(also I promise to catch up blogs I really do)

So for today, what TV show are you most looking forward to returning or starting out this fall?  Me, I'm totally digging Once Upon a Time....twisted fairytales you just can't go wrong!

Monday, September 12, 2011


Last week my friend (hi Emily!) and I had a conversation about the word serious and how it applied to our writing.  On the one hand you have the definition (at least the one I feel applies to writing) of serious as:    
Being in earnest; sincere; not trifling

And on the other, there was me interpreting the word serious as: 
Having absolutely NO fun because you're too worried about being serious.

Here we have an intersection between connotation and denotation.  The denotation being the actual definition and the connotation being my freak out mode when the word "serious" is applied to me.  But my friend insisted, I was a serious writer (which from her is a TOTAL compliment).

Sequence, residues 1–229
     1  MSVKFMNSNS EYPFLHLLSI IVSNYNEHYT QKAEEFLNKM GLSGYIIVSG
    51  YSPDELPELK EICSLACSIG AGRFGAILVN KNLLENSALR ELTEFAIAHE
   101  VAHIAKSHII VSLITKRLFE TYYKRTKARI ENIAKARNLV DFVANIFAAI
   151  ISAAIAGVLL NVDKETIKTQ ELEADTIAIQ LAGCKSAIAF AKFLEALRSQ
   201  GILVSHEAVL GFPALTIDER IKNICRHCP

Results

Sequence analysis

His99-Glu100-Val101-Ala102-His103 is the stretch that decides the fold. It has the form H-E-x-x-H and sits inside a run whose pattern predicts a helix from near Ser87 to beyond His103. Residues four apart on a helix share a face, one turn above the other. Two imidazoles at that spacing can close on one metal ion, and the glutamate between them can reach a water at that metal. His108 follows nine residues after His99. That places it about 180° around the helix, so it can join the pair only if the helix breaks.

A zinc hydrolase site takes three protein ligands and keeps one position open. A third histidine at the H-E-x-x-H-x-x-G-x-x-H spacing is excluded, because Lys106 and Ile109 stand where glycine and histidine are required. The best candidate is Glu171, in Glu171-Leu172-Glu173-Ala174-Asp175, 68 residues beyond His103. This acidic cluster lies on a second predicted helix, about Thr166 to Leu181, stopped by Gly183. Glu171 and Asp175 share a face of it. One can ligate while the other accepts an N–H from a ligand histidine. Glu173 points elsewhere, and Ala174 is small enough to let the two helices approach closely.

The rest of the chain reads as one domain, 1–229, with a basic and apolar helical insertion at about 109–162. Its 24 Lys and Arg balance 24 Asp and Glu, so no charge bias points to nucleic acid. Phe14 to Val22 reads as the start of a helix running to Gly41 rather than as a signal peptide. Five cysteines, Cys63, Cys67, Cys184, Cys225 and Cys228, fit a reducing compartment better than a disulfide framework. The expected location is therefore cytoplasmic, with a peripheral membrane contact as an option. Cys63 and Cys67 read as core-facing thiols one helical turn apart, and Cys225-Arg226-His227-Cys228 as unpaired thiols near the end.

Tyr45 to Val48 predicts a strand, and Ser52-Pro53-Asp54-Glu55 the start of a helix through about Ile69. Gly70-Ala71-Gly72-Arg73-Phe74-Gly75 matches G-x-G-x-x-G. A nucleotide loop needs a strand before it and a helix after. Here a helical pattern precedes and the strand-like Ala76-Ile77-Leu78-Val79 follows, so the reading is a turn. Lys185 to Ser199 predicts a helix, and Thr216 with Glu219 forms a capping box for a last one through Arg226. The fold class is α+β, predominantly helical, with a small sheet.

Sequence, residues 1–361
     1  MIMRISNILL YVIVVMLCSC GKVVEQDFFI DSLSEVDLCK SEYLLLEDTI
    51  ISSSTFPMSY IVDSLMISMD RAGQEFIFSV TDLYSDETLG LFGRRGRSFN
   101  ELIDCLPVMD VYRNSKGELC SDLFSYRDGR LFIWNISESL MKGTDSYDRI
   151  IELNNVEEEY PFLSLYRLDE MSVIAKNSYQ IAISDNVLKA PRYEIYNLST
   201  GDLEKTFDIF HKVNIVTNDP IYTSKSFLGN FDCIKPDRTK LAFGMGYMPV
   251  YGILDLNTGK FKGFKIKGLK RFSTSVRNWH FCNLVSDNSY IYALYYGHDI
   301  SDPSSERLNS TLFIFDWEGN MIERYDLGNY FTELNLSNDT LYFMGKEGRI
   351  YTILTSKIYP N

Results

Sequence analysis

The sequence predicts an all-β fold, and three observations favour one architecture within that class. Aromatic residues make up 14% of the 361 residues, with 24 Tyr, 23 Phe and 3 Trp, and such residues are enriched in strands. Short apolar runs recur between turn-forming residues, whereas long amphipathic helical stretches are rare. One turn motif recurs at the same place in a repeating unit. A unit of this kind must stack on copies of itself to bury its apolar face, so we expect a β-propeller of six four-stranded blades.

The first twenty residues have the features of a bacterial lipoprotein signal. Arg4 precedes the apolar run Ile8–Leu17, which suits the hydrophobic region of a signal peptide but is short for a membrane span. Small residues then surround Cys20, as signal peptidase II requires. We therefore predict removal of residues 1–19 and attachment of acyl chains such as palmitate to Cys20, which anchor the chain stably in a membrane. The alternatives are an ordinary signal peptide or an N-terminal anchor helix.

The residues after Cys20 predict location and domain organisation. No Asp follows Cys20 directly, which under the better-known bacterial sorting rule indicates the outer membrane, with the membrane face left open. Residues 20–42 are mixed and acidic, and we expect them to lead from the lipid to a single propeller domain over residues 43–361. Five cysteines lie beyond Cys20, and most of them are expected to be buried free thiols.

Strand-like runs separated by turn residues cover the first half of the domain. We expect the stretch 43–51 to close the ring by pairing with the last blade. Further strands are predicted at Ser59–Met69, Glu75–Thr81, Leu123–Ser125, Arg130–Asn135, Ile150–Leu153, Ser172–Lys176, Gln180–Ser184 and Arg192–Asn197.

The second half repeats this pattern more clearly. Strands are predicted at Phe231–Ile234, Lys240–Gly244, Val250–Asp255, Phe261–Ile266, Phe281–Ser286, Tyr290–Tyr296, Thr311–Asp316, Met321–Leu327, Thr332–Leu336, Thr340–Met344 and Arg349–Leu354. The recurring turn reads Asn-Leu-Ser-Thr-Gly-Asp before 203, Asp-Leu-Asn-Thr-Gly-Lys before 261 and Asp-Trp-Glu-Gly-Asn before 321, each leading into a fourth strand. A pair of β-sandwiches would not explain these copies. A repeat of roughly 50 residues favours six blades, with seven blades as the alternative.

But I had to disagree with her.

I freaked out, cause I don't consider myself to be a serious writer (at least by my definition).

Emily was totally cool at handling my freak out and explained how I was totally and awesomely a serious writer.

 Tiny voice (yes it visits me so often  and it just won't shut-up) came back and in a bit of a snit.  Because I was still thinking of being "serious" in my connotation of the word.

For me being serious, in my mind, is like kissing a kid with chicken pocks and KNOWING the kid has chicken pocks.  Just replace chick pocks with writers block.  It's asking to be sick.  I do what I do because I have fun while I do it.  When I try to make myself be all "serious" as in a set schedules, make outlines, and forcing myself to experience the story, I find my attention wandering.  The story evokes a stale taste in my mouth and Tiny voice comes back, extremely angry, to say WHAT WHAT WHAT are you doing.